Picking the right gadget gift fraught with peril
Published: Saturday, December 15, 2012 at 11:06 p.m.
Last Modified: Saturday, December 15, 2012 at 11:06 p.m.
I can share this story, but you must swear yourselves to secrecy. So, as I log into my Bible app and hold up my smartphone, let's just understand the oath that is taking place here.
You see, Thanksgiving till Christmas is when I do most of my hardcore tech research, and inevitably many truths are formed during this time. Why? Because the more iGoodies I buy for the family, the more I secretly get to play with them. Sshhh.
Since there is zero chance my teenage daughter would ever be caught dead reading this column, I can share how I recently dealt with one of the most profound decisions that life throws at us. You guessed it, iPhone vs. Android.
By now you know I am tech-committed. I found my iSweetheart, at a young age and as the saying goes, "till death do we part." That being said, I am also a cheapskate, and just because I am willing to drop a bundle on myself does not mean I will for my family. Yes, I repent, but I am not sure my heart is changing on this.
So, as my baby girl is preparing to leave for college, she thinks that part of the required supply list is a smartphone. Of course, that equals a whole bundle of number two pencils. My thought? Kill two birds and make it a Christmas present. So I immediately had to count the cost and weigh the features of what device to get her. Mental flow charts and spreadsheets abound.
So here goes the thinking: Do I spring for the 4-inch royale with cheese known as iPhone 5 and put a larger iPad on the wishlist; go with the cheaper 4.8-inch Samsung Galaxy S3 and use the savings for a Nexus 7 tablet; or bite the bullet for the beast known as the Samsung Galaxy Note 2, which is a 5.5-inch behemoth that doubles as an obnoxiously big phone and almost-big-enough tablet. It's pricey, but it's also a two-for.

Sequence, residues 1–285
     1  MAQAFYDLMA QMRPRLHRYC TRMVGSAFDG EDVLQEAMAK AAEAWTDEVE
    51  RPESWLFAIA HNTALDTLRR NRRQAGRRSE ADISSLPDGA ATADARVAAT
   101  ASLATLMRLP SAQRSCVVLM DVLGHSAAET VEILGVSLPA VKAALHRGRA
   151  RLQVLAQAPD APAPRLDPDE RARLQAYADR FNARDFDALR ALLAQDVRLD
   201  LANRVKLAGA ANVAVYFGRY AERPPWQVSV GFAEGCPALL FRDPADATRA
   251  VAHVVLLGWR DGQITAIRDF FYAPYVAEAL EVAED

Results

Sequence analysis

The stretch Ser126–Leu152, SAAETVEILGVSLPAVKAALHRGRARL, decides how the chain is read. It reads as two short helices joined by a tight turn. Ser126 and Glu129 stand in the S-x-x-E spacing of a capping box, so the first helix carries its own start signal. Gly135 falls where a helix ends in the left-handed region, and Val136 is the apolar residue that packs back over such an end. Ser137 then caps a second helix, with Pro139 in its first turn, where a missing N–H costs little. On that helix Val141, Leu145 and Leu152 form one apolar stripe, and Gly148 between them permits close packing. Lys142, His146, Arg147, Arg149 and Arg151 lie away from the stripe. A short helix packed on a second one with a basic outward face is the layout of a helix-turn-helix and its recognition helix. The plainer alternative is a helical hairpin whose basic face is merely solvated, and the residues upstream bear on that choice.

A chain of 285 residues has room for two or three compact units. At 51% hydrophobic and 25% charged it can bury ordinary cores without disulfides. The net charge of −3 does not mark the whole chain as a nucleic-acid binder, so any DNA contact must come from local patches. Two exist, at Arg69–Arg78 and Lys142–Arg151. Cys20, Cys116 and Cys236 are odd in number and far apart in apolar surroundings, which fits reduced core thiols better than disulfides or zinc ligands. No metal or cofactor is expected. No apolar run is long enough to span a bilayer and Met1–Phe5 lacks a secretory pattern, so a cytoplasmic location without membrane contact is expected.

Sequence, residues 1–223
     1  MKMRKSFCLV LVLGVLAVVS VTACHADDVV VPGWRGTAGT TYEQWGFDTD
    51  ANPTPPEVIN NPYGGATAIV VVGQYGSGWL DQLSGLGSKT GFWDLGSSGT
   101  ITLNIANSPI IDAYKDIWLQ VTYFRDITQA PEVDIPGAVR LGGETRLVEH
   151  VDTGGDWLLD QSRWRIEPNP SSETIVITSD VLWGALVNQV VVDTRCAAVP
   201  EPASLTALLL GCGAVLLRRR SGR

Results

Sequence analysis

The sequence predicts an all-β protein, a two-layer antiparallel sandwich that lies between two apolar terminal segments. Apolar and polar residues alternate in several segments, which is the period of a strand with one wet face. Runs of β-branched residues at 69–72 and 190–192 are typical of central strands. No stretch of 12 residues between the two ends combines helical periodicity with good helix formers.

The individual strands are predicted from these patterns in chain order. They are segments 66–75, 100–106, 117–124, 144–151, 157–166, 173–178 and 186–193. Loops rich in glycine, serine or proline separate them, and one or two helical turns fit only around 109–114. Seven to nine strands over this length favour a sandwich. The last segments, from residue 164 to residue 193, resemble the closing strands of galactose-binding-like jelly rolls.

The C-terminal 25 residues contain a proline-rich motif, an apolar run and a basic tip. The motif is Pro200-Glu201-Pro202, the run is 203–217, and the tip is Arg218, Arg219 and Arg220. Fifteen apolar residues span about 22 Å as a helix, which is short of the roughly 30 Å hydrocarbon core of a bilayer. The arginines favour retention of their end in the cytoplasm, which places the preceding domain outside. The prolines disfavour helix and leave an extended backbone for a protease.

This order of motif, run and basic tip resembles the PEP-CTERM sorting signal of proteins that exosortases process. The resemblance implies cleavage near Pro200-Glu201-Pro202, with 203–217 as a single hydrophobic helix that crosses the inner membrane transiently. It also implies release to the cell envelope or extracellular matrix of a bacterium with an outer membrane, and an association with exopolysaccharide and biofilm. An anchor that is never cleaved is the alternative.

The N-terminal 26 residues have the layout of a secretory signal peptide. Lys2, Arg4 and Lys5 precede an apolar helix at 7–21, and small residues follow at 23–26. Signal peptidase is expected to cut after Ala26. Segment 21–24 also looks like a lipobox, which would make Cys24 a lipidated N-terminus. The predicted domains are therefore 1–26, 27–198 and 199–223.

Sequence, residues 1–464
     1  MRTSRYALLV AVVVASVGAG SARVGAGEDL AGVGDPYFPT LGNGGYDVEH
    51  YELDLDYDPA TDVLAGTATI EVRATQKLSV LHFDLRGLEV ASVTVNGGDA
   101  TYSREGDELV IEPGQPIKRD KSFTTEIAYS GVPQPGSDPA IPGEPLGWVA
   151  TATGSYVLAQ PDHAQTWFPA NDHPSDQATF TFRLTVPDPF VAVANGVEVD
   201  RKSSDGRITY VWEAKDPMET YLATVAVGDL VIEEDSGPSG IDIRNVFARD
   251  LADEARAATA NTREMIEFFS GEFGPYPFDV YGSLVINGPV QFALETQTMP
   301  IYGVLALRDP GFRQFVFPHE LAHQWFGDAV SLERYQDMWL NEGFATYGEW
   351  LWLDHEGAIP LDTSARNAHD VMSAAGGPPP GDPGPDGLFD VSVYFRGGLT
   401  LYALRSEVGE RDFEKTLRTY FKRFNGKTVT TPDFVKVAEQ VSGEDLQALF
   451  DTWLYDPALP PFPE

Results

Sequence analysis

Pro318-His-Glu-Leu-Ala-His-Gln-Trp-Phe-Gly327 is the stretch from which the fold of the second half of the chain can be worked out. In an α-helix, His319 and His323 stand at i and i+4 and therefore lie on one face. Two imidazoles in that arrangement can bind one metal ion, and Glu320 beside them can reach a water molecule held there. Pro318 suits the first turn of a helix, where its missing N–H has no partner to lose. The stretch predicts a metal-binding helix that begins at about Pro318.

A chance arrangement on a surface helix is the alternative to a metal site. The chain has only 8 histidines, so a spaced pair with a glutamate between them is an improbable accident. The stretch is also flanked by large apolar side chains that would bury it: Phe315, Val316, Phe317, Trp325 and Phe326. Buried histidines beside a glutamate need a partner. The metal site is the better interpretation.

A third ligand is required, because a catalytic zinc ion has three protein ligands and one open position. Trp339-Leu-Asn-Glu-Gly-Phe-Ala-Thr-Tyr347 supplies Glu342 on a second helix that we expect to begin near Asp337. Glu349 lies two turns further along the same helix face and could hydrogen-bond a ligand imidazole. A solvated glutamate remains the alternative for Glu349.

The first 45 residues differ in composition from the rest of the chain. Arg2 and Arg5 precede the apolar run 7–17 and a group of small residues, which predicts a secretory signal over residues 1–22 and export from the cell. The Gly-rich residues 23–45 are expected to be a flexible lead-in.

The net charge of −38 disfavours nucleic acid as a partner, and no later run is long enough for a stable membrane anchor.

The last option was the first that garnered my precious Google time. As I have come to know, having a smartphone and tablet is nice, but a hybrid that does both is what would really be cool. Reviews are strong with this one. Of course, unless you have pockets the size of potato sacks, such a device is not the most mobile in the world. Such thinking struck my cheapskate nerve. Can you take a 7-inch tablet and make it a phone? Genius, I thought. Especially because the hit on a share plan would only be $10 a month and not $40. Google led me to an entire community of other tech cheapskates who have gone down this road. There are a series of apps that can make this possible, albeit in a crude manner.
The problem I found is you cannot hold them to your ear. That immediately gave me scary visions of me yelling at her about her grades or credit card usage over a speakerphone for all to hear. Yep, deal breaker. So, scratch the hybrid phone and tablet idea.
Now, it was down to the $199 iPhone 5 or the slightly cheaper Galaxy S3. Of course, then something profound happened. The price of the S3 started dropping, all the way down to $79. My mind was made up, and I even had a way to justify it. You see, iPhone is the tech world's Coca-Cola to Android's Pepsi, and as much as I like the real thing, I doubt my daughter would pass the blind taste test. Seems fair, right?
Homework seemingly done, I went out to buy the Samsung. I should have just grabbed the box and gone straight to the counter. Instead I played with it and realized it was kinda too-big, too-plasticky and, as much as Android has evolved, it's still a mess of widgets, screens and bloatware apps. Ironically, it kind of reminded me of my daughter's bedroom.
This led me to pull out my i5 and remind myself what a beautiful thing "Coca-Cola" can really be. The can is gorgeous, the taste is just the right dose of sugar and water, and the extra cost can be justified in having the "Real Thing." With what felt like divine intervention, I glanced down at the iDisplay and noticed the $50 dollar discount on the i5. Comparison over. My judgment and cheapskate tendencies have both been satisfied.
I suppose I am not the only dad who has gone through this holiday comparison. I share my story for those who do not understand what we go through. Just remember our little oath of secrecy if you see the last 19-year-old girl walking around with a brick phone between now and Christmas.